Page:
Social housing test case leads to less jail time, more education for children

Jul 3, 2017 | News

Social investment – which uses an actuarial approach to determine the long-term liability of various social problems to then target spending to reduce that cost – is a central piece in the government’s goal to achieve more from a smaller public service. Yesterday, MSD released its first valuation of the social housing system, where it found that the lifetime housing cost of adults in social housing or on the social housing register was $16.4 billion, with roughly 85 percent of the cost relating to future income-related rent subsidy (IRRS) payments.

The SIU test case monitored about 22,000 people who applied for social housing between 2005 and 2006, 10,600 of whom were allocated a house. The research showed that those allocated a house spent less time in jail, saving an average of $1,244.20 per household or $13 million less spent out of the Corrections budget overall.

A similar number of households in both groups interacted with Corrections, with close numbers of community service and home detention sentences, but the number of remand and prison sentences was substantially smaller for the housed group.

Children who lived in social housing spent more time in education, leading to a 6 percent higher spend from the Education budget compared to the other group. Social housing tenants were more likely to access benefits, meaning a 4 percent increase in welfare spend, and earned less, leading to a $6 million reduction in tax paid on income.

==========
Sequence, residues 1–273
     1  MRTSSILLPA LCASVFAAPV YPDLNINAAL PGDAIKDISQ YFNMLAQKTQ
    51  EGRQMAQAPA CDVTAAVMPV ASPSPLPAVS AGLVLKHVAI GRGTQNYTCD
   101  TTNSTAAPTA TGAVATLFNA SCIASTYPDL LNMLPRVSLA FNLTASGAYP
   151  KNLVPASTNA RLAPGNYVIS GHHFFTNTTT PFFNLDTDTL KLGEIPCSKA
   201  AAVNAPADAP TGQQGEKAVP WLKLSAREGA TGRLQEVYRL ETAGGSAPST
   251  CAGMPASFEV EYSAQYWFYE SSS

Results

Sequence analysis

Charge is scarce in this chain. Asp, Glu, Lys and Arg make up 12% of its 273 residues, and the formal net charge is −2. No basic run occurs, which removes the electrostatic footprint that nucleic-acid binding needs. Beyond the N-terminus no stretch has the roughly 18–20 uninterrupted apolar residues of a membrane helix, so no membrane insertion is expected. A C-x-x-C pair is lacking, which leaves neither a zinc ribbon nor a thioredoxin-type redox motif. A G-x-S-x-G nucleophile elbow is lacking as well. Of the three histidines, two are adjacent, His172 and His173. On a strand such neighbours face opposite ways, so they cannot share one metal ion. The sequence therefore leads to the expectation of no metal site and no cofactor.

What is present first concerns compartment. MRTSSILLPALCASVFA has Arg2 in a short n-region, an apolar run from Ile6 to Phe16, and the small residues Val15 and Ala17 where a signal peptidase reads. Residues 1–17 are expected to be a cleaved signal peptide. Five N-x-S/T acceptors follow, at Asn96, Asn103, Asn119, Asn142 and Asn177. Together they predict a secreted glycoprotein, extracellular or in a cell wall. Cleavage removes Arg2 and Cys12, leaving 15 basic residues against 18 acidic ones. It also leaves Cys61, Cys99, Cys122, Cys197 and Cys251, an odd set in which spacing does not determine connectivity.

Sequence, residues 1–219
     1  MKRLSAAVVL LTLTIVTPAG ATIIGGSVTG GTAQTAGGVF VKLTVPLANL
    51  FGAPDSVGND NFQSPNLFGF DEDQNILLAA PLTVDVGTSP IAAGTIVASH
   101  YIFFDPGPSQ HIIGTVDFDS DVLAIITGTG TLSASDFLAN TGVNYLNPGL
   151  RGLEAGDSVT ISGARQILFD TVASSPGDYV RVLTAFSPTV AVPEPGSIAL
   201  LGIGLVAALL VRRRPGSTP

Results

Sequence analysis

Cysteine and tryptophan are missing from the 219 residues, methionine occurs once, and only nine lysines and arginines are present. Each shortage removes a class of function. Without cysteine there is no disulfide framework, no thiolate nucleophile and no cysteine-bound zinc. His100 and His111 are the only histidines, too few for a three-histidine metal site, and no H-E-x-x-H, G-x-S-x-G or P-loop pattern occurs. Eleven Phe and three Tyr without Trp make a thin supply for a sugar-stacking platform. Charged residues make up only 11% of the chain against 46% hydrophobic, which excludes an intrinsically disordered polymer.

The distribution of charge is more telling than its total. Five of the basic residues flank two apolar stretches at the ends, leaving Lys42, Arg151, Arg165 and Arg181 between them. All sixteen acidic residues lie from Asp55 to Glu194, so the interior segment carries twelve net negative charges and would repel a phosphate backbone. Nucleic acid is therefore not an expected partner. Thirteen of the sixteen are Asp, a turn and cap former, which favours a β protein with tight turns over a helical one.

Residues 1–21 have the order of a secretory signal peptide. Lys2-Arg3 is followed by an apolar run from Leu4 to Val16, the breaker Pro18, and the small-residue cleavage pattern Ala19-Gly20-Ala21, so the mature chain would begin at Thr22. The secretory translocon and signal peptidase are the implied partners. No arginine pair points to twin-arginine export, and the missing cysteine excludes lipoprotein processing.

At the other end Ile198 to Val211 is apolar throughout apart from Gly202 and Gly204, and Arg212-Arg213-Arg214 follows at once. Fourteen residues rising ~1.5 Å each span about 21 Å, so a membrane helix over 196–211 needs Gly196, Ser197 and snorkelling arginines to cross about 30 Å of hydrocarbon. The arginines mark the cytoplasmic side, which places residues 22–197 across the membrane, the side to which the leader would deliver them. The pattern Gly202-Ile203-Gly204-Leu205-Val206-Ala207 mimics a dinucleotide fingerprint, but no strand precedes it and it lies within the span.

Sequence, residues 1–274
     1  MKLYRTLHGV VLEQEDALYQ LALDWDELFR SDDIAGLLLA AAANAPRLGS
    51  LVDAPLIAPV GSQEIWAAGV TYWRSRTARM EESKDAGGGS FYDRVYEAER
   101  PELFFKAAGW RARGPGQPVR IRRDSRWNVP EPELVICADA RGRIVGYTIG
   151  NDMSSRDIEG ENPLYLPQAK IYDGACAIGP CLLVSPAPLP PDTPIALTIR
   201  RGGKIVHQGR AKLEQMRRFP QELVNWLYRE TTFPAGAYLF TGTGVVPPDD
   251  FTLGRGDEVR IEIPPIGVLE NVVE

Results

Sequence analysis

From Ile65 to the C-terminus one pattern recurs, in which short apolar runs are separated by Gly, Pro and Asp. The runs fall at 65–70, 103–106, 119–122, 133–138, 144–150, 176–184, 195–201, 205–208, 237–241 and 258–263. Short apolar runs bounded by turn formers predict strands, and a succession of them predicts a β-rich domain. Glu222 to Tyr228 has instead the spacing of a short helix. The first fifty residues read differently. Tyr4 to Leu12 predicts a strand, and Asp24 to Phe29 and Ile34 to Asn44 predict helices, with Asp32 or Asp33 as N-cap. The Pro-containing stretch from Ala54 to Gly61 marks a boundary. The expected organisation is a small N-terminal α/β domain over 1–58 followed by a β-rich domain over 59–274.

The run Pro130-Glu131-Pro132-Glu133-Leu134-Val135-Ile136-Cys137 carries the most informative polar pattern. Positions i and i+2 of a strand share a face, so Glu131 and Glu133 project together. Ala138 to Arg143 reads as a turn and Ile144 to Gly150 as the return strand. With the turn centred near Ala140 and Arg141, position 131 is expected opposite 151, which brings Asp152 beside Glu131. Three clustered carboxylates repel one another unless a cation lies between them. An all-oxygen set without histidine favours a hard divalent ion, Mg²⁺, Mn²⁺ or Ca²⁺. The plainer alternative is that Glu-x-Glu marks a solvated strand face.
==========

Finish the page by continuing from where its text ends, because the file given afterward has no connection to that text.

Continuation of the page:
“This could suggest social housing support presents a disincentive towards working, as it may result in a loss of advantages,” the SIU report says. “However, establishing there is a causal relationship would require further research.”

The report’s authors stressed that the test case highlights “the limitations of measuring social outcomes through a fiscal lens only and over a short period.”

“This is illustrated by the increased spend in education for social housing tenants,” the report says. “On a purely fiscal point, this has the effect of lowering the ROI. In reality, this may correspond to a better social outcome for children (better education resulting in a better employment rate), as well as a greater government revenue through taxes collected in the long-term.”

Overcoming this limitation would require going beyond a purely fiscal impact analysis, the report says, in order to “paint a far more accurate picture of the effective impact of social housing”. The Social Investment Analytical Layer (SIAL), created by SIU as part of this project, is there to “facilitate the monitoring of outcomes.”

Adams said it was important to apply a data-driven approach to decision making across all government agencies, saying she wants to make it a permanent way of making policy. The SIAL makes it faster and easier to get insights from data, and has already saved $1 million since its launch in May, she said.

The Social Investment Agency, which will launch on July 1, will be responsible for developing advice across social sector portfolios using data such as the SIU’s test case, Adams said.

“We can use the insights from this test case to calculate the fiscal return on investment for social housing and prove with hard data what we already intuitively know – that providing social housing helps New Zealanders to lead better lives.”